The stroll to the U.S. Capitol is leisurely despite a soft winter sun and hard northwest breeze to encourage a quicker pace.
I resist the farm urge to hurry; I take my time because this may be my last long walk in Washington, D.C. for a while and I want to savor it.
I also have special places and people to see and I’m in no hurry to see them and certainly not in any hurry to maybe not ever see ‘em again.
I approach the high-crowned Capitol from the southeast, the same direction that the non-White House side of Pennsylvania Avenue takes.
This is the living side of Capitol Hill; the other is the working side.
This is also where daughter Grace and husband Andrew live. In five days they move back to their native Midwest and forward in their young lives. Their already packed boxes hold the clearest reasons why the lovely Catherine and I are unlikely to return to this city.
Before they—and we with them—go, I must visit the friends.
The first stands where it’s stood for the more than 30 years—and decades before then—that I’ve been wandering the Capitol grounds. It’s an enormous red oak bearing a small plaque that notes in “Commemoration of Speaker Joseph G. Cannon.”
The tree is as strong and tall as “Uncle Joe” was small and wiry during his iron-fisted tenure as Speaker of the House from 1903 to 1911. No one served longer until Dennis Hastert, a fellow Illinoisan and fellow Republican, surpassed him in 2006. Cannon ran the House like a county courthouse: nothing happened until he ruled on it.
Behind the red oak the Capitol shimmers in creamy, January sunlight and bristles with guards, weapons and police, working on appointed jobs for the Presidential Inauguration ceremonies four days hence.
I skirt all in a west arc around the building’s House side because just off its southwest corner is another friend, a tall, thick-limbed pecan tree, Carya illinoinensis.
It is magnificent and reminds me of the massive pecan trees on the southern Illinois farm of my youth. They withstood fire, droughts, and floods, the French, the British and the Gueberts. This tree, I hope, will stand long after my grandchildren’s children walk these lovely grounds.
The cold wind licks my neck as I hot-foot across a traffic round-about in front of the Capitol to see another transplanted Illinois. Here, high atop a pedestal of stone in front of the reflecting pool, sits U.S. Grant astride his bronze steed whose frozen eyes are wide and watching its rider’s flank.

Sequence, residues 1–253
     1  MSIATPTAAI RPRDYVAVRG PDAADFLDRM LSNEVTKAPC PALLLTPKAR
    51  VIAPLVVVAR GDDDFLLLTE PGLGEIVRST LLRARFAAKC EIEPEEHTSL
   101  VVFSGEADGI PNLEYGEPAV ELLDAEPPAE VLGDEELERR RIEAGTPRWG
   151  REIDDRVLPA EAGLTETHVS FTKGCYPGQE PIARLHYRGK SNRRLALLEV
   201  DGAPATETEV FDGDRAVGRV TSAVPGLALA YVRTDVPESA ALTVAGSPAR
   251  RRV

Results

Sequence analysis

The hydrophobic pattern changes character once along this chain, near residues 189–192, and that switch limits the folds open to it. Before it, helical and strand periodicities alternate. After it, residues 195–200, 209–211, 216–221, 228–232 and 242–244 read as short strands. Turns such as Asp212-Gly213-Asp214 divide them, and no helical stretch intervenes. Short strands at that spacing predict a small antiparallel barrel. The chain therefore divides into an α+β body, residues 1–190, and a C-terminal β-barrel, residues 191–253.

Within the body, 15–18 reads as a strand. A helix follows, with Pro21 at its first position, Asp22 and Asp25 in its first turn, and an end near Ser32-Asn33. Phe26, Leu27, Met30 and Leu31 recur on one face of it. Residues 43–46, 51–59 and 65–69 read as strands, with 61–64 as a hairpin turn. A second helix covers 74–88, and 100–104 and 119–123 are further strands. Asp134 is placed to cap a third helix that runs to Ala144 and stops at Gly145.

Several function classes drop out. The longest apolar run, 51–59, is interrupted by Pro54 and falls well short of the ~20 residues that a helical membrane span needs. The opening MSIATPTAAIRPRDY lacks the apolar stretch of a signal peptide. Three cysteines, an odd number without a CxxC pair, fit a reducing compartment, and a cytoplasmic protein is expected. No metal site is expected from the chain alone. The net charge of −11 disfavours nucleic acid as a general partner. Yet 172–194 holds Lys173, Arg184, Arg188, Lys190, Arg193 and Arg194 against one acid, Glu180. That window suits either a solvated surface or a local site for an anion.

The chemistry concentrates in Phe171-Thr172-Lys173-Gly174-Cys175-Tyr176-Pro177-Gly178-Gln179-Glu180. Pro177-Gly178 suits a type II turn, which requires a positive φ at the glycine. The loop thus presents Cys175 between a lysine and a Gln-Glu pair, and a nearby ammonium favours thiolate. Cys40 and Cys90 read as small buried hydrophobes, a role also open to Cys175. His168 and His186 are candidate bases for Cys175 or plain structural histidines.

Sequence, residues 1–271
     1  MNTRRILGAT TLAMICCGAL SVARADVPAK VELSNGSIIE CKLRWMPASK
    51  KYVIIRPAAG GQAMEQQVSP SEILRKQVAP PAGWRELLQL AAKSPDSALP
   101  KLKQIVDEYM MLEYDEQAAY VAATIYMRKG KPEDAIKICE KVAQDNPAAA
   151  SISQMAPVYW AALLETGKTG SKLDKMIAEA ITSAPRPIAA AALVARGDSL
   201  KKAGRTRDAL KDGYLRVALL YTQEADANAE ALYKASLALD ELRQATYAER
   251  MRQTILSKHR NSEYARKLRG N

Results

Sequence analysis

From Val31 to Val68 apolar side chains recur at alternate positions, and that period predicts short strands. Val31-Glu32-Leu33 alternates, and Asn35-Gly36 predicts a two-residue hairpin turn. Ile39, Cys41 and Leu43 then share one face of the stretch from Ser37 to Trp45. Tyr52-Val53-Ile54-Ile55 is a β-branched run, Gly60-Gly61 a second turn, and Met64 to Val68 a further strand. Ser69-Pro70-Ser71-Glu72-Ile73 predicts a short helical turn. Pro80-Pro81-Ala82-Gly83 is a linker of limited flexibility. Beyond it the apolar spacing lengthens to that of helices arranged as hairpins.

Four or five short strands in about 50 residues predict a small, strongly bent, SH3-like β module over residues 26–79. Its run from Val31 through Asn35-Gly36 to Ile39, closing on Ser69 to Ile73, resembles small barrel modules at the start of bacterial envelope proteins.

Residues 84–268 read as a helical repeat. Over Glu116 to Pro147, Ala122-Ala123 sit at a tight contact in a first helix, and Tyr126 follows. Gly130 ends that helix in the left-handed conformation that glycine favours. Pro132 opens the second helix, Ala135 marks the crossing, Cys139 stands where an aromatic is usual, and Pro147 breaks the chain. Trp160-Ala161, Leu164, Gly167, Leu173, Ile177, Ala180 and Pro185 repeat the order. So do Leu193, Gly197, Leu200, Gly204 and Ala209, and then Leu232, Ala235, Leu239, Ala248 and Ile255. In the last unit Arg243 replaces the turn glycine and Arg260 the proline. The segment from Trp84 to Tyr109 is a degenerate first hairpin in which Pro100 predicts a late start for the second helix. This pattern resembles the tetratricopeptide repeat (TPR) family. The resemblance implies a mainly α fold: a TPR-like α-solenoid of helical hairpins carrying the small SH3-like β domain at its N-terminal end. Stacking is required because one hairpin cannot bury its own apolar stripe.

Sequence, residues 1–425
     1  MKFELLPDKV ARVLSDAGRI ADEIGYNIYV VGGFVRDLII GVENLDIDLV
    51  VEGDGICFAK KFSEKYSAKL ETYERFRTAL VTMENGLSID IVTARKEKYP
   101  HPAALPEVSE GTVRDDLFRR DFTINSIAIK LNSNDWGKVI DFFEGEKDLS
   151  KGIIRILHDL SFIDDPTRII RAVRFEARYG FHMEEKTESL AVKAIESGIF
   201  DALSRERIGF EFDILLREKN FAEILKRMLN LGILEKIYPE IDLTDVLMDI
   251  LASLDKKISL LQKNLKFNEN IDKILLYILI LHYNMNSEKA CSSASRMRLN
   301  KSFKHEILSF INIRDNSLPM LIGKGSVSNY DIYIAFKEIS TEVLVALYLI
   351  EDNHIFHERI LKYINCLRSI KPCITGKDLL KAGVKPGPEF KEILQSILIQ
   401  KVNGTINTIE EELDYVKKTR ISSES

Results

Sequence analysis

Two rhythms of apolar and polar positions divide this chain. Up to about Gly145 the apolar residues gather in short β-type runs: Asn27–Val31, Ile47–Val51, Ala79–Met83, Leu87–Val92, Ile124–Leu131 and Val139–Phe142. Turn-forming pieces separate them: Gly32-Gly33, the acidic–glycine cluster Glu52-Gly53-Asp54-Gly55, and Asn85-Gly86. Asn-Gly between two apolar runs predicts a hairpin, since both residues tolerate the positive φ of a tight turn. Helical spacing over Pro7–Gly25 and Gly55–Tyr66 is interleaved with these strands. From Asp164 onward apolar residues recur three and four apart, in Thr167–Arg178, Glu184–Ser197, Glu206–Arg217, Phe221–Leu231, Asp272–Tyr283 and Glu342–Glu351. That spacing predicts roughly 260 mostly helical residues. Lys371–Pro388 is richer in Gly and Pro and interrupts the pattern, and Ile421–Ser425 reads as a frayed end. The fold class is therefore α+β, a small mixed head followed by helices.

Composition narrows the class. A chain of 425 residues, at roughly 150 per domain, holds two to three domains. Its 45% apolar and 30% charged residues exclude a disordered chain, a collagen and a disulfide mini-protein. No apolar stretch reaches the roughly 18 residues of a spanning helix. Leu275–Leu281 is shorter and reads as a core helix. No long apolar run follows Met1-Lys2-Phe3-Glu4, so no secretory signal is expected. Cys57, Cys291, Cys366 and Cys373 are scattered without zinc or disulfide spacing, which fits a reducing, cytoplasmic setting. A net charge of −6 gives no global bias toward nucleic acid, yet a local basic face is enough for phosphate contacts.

The power of statue—the best, I think, in the city—rests in Gen. Grant’s eyes, barely visible under a wide-brimmed hat. They are fixed due west on an unseen enemy. The look they convey is unmistakable; weary, unyielding, unfailing.
Two blocks down Maryland Avenue naps another friend. As I enter the National Museum of the American Indian, I see her again and she is heart-stopping gorgeous. Every handmade Ojibwe birch bark canoe is.
I never visit Washington without spending a few moments with this Northwood’s mistress, the perfect combination of spruce, cedar, pitch and bark.
Next door is what all in D.C. call, simply, Air and Space. It’s a huge museum crowded with planes, jets, spacecraft and people. It also holds two World War II airplanes (in an aircraft carrier-like display) of the type that John F. Watson, my long-gone father-in-law, flew from 1943 to 1945.
One look at either always makes me shudder: what kind of courage must you have to fly either into battle believing you will return?
My return to Gracie’s is pre-ordained. It’s now dark and I’ve lingered too long to complete all my visits at other museums and parks. I mosey homeward, though, knowing that all these old friends will be here when, and if, I return because like me, most are—or soon will be—museum pieces.